W2XBS Schedule, Week of August 13th, 1939

Here’s the schedule for NBC’s experimental station W2XBS in New York City for the week starting Sunday, August 13th, 1939, straight from television listings printed in The New York Times. There was a rare broadcast on Sunday (tennis finals from Rye, New York) and the usual assortment of variety and films. On Wednesday, August 16th part of the variety hour was a discussion on “How to Exercise the Baby,” something I would very much like to see. There were also two pick-ups from the Worlds Fair, although the Saturday, August 19th broadcast was tentative in the weekly listings and vague in the daily listing. I don’t know what the film titled “Grand Illusion” (broadcast on Friday, August 18th from 8:30-9:30PM) was; the famous Jean Renoir film of the same name (or, more specifically, La grande illusion) was released in 1937 but it ran longer than an hour.

Sunday, August 13th, 1939
2:30-5:30PM – Finals of Eastern grass court tennis championships, at Rye, N.Y.

Tuesday, August 15th, 1939
12-1:00PM – Earl Wild, pianist; films; Alice Cornett, singer, and news.
4-5:00PM – Parade and pageant of Volunteer Fire Departments, at World’s Fair.
8:30-9:30PM – Film, “Death Goes North.”

Wednesday, August 16th, 1939
12-1:00PM – Discussion on “How to Exercise the Baby;” films; George Ross, Broadway columnist; shoe styles; and news.

Thursday, August 17th, 1939
12-1:00PM – Fashion show; films; “Facts and Fancies,” Alice Maslin, and news.
8:30-9:30PM – Film, “Three of a Kind,” with Evelyn Knapp.

Friday, August 18th, 1939
12-1:00PM – “Designing of Stage Sets,” Victor D’Amico of Museum of Modern Art; films: “Total Eclipse,” a Negro comedian, and news.
4-5:00PM – Water Ballet, at Manhattan Beach.
8:30-9:30PM – Film, “Grand Illusion.”

Saturday, August 19th, 1939
4-5:00PM – Pick up from World’s Fair (tentative).

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3 Comments

  • Barry I. Grauman says:

    It probably was THE “Grand Illusion” (with subtitles); remember, W2XBS had a steady supply of recent foreign films, primarily of French origin, to “fill” their schedules between 1939 and ’41. However, it was quite possible that W2XBS’ film editors slightly “condensed” the movie to fit an hour’s time period [remember when they telecast "Hell's Angels" in two parts during that same period, as IT had a two-hour running time?]. I’d like to think those films had an influence on SOMEONE watching one of those early TV sets In New York during that period, which led them to….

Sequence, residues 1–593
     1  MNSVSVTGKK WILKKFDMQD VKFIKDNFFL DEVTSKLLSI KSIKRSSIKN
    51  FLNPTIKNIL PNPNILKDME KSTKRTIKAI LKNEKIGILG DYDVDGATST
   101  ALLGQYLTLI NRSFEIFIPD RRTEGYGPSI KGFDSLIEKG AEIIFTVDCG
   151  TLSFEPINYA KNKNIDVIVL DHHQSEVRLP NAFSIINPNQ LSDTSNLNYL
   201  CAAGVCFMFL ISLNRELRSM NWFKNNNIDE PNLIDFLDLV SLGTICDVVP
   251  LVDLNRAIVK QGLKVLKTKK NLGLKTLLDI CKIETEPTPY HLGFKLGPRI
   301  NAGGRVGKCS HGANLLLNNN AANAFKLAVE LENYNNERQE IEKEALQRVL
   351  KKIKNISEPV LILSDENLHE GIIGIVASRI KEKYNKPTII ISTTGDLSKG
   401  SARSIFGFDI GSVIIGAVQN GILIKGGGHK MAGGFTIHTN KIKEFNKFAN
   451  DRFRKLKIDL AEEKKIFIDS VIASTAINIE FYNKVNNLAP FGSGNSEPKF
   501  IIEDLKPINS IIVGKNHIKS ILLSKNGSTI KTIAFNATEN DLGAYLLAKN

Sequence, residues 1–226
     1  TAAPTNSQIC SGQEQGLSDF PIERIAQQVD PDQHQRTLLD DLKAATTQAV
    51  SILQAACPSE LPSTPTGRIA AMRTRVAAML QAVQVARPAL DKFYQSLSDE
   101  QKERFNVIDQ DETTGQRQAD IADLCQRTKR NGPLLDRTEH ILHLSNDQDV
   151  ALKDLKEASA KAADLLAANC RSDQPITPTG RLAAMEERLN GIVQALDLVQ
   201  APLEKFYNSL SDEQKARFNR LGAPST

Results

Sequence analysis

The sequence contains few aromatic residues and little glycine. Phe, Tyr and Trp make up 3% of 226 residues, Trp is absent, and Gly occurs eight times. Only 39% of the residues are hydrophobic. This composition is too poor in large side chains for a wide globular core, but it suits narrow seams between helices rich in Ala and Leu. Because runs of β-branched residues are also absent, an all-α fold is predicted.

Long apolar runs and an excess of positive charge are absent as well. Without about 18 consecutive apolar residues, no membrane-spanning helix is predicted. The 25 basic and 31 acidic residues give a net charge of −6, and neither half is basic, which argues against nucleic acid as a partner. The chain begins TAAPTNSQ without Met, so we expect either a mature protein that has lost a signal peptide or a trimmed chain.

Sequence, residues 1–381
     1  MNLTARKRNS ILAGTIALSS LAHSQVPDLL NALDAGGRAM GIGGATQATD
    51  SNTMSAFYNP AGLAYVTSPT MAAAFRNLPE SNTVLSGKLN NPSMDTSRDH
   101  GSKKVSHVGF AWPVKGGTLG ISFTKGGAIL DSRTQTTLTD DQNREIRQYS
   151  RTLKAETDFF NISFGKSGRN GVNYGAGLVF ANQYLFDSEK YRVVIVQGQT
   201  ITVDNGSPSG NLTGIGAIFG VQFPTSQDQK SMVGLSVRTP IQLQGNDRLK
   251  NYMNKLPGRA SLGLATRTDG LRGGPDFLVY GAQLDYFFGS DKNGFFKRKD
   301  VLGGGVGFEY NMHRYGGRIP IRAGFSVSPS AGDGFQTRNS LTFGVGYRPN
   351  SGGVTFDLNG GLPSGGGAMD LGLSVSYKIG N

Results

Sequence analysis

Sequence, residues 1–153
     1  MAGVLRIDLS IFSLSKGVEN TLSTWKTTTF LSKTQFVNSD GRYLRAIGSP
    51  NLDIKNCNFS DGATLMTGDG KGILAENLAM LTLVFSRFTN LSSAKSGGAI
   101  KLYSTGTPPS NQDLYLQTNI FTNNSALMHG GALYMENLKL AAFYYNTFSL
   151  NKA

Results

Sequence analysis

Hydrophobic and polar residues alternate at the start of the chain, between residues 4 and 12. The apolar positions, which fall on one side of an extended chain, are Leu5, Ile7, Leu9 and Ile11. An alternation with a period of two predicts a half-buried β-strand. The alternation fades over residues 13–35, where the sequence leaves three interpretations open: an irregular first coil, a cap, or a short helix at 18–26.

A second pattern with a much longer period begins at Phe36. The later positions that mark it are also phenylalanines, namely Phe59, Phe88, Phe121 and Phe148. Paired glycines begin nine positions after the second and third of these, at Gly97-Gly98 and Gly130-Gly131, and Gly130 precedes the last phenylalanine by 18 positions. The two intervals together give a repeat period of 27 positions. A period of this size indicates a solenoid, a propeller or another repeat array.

“Three Of A Kind” [aka "Mistaken Identity" in future TV prints] was a 1936 “Poverty Row” light comedy produced by the defunct Invincible Pictures Corp., with Evalyn {that’s how her name was spelled} Knapp, Chick Chandler, Richard Carle, Billy Gilbert, and other veteran character actors and actresses you’ve never heard of. “Death Goes North” was a 1939 Canadian Western, released the month before (and probably shown on American TV for the first time on the 15th) from the independent Kenneth J. Bishop Productions, featuring Edgar Edwards, Sheila Bromley, James McGrath- and Rin Tin Tin, Jr. as “King” [probably the equivalent of "Sergeant Preston's" lead sled dog "Yukon King" in the later radio and TV series, "SERGEANT PRESTON OF THE YUKON" {originally "THE CHALLENGE OF THE YUKON" on radio}].

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  • Barry I. Grauman says:

    Earl Wild, the pianist who performed on Tuesday afternoon, August 15th, died last Saturday [January 23rd] at the age of 94. According to his obituary in the NEW YORK TIMES, his 15 minute televised performance was the first recital EVER given by a classical pianist on television (he was working for NBC at the time, and they obviously asked him to perform on W2XBS for an “experimental” audience). Later, after his naval tour of duty in World War II, Wild became associated with ABC as a composer/conductor [and "staff pianist"] from 1944 through 1968, and was well known in classical music circles. His memoirs, completed before his death, will be published later this year. Perhaps there were recollections of his appearance(s) on W2XBS in his manuscript….

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